A newly hatched turtle will not flourish in a tiny plastic container. Use a tank, even if it’s only for the tiniest of hatchlings. A transparent glass cage with plenty of water for the turtles to swim in. There has to be a space inside where the turtle can simply crawl up from the water and take comfort. Because turtles prefer paddling in water depths, the tank has to be deep.

Tank Size:

Small tanks are ok for baby turtles but you will need to get a tank that really can accommodate well over 100 gallons of fresh water, once the red eared slider turtle is grown. If required, start with a 10-gallon tank; otherwise, a 20-gallon tank is recommended. But keep in mind that your turtle can grow quickly and require a larger tank.

Water Type:

Red eared slider babies may be filthy because they produce a huge amount of waste growing up. Having less water in their aquatic habitat might make the tank water dirty, which can be harmful to the turtle in the long term. For optimal cleaning, choose a tank filter that is rated for up to three times the amount of water in your tank. 

Aquatic baby turtles employ both container filters and underwater filters. If you will not have a filter, you’ll have to perform regular partial water exchanges and water quality tests, and it’s both time-consuming and filthy. However, if you induce the water to become polluted, your turtle may suffer a variety of health problems.

Water changes, both partial and complete, must be done on a regular basis (25 percent water change weekly, or 50 percent every 2 weeks).

Temperature:

baby red eared slider turtles do seem to be hypersensitive to fluctuations in temperature. Temperature drops can cause breathing problems for them. Before placing the turtle inside its tank, ensure that the temperature changes remain stable within their standard range. They grow in water and also at temperatures varying from 75°F to 85°F. Average temperature for a baby’s basking must range between 90 and 95 degrees Fahrenheit.

Stay updated on the temperature of the water by using a water thermometer. If it falls below a certain level, add a basking light. It is vital to use clean water. The pH water level should be from 7.0 to 7.5. However, the temperature has to be on the warmer side, approximately 77 – 80 degrees F (25.5 – 26.5 degrees C). The temperature can be increased a few degrees for the ill or eggs.

Lightning:

To imitate the effects of natural sunshine, full-spectrum UV lighting should be provided above your turtle’s tank. Allow 12 hours each day for the light to be on.

These baby reptiles require to be warmed up in the light on a frequent basis. UVB lamps, which offer sufficient light and heat to such cold-blooded young red-eared sliders, might be used in place of this. It is advised that a UVB lamp with a percentage of 5 or higher be used for this reason, and that it is set in a manner that it maintains the basking region roughly 10 degrees warmer than the water temperature.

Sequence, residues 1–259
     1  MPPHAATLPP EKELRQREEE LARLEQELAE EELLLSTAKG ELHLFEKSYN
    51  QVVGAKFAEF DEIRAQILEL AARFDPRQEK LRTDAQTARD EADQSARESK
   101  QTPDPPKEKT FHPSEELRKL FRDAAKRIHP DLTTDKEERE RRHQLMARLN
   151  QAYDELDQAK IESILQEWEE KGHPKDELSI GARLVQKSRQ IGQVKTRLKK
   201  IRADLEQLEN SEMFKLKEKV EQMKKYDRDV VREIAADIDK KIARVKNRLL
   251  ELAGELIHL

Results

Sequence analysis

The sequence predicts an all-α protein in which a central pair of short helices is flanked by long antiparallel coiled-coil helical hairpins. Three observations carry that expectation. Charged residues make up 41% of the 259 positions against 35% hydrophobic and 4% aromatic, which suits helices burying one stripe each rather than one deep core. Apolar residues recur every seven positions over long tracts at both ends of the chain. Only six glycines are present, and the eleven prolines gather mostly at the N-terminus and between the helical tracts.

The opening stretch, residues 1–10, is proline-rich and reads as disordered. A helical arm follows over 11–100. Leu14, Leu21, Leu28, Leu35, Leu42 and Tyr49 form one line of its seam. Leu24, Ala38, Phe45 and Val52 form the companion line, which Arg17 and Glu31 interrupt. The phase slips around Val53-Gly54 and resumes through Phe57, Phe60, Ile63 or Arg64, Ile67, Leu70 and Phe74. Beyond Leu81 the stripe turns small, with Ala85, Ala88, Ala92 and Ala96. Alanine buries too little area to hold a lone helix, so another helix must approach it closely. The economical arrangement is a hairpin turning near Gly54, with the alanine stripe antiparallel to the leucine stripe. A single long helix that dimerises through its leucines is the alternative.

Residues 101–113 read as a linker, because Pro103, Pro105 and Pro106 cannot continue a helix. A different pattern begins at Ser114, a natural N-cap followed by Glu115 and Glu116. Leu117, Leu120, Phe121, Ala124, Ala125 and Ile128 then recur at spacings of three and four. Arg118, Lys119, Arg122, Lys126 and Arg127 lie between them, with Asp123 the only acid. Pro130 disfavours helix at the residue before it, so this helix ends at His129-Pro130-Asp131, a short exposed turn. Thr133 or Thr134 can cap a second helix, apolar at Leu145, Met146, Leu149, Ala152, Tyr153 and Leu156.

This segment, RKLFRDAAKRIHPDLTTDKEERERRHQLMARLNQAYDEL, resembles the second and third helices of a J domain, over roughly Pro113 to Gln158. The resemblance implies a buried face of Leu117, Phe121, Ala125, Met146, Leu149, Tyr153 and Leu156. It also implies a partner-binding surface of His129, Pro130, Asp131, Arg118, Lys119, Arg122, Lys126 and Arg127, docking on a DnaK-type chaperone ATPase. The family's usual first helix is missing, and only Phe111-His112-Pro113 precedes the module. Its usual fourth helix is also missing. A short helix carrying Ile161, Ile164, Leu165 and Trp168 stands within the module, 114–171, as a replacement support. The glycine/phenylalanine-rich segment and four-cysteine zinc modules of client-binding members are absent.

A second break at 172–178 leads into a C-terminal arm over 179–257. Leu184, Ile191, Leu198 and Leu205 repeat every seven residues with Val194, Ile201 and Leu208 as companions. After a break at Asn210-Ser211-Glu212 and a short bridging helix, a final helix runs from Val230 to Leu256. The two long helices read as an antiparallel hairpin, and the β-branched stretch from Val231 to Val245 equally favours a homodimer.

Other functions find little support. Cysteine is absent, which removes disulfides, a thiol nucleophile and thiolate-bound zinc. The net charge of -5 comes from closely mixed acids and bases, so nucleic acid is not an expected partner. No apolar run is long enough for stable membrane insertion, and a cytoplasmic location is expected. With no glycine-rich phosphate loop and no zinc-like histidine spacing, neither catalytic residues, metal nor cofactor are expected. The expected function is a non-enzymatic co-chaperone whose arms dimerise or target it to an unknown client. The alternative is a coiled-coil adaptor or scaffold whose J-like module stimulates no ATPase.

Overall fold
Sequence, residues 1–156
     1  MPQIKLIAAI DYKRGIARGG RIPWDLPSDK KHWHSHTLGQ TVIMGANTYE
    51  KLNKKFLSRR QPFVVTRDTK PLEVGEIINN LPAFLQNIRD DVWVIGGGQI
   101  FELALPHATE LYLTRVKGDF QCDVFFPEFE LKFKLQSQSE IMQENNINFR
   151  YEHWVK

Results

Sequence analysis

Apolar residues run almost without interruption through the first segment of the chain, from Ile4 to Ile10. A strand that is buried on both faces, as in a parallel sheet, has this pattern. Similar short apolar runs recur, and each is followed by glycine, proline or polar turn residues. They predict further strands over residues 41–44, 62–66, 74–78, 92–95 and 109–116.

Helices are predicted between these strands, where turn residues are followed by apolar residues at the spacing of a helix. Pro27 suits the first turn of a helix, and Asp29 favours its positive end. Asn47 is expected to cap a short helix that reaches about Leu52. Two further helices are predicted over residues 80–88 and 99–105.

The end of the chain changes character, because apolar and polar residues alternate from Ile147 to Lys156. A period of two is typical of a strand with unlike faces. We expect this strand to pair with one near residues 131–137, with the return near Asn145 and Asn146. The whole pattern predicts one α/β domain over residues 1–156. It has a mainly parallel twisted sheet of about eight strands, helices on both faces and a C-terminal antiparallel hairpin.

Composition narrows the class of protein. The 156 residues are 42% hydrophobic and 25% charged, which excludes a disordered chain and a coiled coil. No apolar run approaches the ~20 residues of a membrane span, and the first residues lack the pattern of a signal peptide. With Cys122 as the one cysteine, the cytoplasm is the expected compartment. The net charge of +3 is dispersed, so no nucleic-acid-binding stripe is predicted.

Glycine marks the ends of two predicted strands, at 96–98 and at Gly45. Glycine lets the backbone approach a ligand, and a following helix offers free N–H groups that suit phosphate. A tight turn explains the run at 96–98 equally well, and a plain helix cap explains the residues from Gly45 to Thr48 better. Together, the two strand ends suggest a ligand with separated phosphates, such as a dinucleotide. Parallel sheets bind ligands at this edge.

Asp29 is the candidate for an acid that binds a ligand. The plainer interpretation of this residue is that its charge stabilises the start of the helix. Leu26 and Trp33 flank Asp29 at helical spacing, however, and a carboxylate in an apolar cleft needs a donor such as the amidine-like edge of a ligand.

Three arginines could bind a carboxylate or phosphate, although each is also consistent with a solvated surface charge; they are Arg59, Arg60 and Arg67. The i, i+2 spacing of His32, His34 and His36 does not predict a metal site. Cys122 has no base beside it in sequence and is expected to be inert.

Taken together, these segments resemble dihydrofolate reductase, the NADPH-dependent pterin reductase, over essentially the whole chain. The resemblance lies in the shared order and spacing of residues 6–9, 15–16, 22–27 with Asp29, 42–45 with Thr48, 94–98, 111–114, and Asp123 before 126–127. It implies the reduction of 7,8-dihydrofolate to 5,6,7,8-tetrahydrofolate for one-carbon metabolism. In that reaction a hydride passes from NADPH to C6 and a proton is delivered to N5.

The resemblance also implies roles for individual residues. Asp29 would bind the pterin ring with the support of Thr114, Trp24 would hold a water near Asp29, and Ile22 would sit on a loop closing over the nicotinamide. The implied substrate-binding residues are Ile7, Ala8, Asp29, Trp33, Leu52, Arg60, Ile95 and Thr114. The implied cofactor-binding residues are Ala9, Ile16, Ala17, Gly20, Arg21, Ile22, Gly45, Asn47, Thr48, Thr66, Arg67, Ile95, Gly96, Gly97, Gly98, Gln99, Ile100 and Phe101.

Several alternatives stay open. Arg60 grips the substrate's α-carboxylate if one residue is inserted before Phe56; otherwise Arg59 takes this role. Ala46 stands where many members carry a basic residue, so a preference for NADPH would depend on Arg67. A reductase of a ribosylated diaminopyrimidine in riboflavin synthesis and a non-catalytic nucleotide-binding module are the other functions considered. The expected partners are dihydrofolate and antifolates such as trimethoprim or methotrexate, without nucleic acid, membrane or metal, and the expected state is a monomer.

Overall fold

All nutrients and vitamin D3 are required for the development of the newborn red eared sliders’ tanks and claws. Furthermore, the UVB ray aids digestion in babies. The ducklings will not sustain a year if UVB is not available. A red eared slider baby doesn’t really require UV light or warm air 24/7. Specialists always advise having the lamps on for 10 to 14 hours per day.

MALE AND FEMALE BABY RED EARED SLIDER

Red eared slider babies also go through a lot of changes as they develop from infants to adults, which can render determining their gender difficult until they are completely grown. At an early age, measuring claws and tails is among the simplest techniques to detect whether the gender of the baby red eared slider turtle is male or female.

Male baby red eared slider turtle achieves adulthood when it is around 4 inches long, between the ages of 2 and 5 years. female baby red eared slider turtle achieves adulthood when it is around 6 inches long, between the ages of 5 and 7. So, relying on the turtle’s age, you will have to wait a bit to identify its sex.

 ATTRIBUTES  BABY MALE BABY FEMALE
 Average Size Comparatively small Usually large
 Color Brighter colors might vary during whole-life period Same color entire life
 Tails Longer and thicker tails Short and skinny tails
 Shell Smaller than female Larger than female

Red-eared slider cloaca:

Most turtles, even young red eared sliders, have a tiny hole called the cloaca, that is used for excretion as well as reproduction. Seeing the cloaca is an effective method for determining the gender of red eared slider babies. 

Baby Male turtles have a substantially longer tail than females, and also the cloaca is located lower on the tail. female baby red eared slider turtle has a cloaca that is near to the body, whilst males have a cloaca that is practically at the tip of the tail.

Tank Mates

Baby freshwater turtles of the same species cannot be kept together in every tank if the aquarium is huge. Keep distinct turtle species apart and prevent unnecessary congestion, which may also result in harmful behavior.

COMMON HEALTH PROBLEMS AND DISEASES

If maintained in a filthy environment or ignored, these red eared slider babies can easily take up ordinary to serious ailments, including infections caused by the salmonella bacterium, which may be a reason for concern, especially if there are youngsters in the house. Whenever these creatures are released into public park ponds, waterways, and rivers, in a civilized manner, they may infect local species turtles.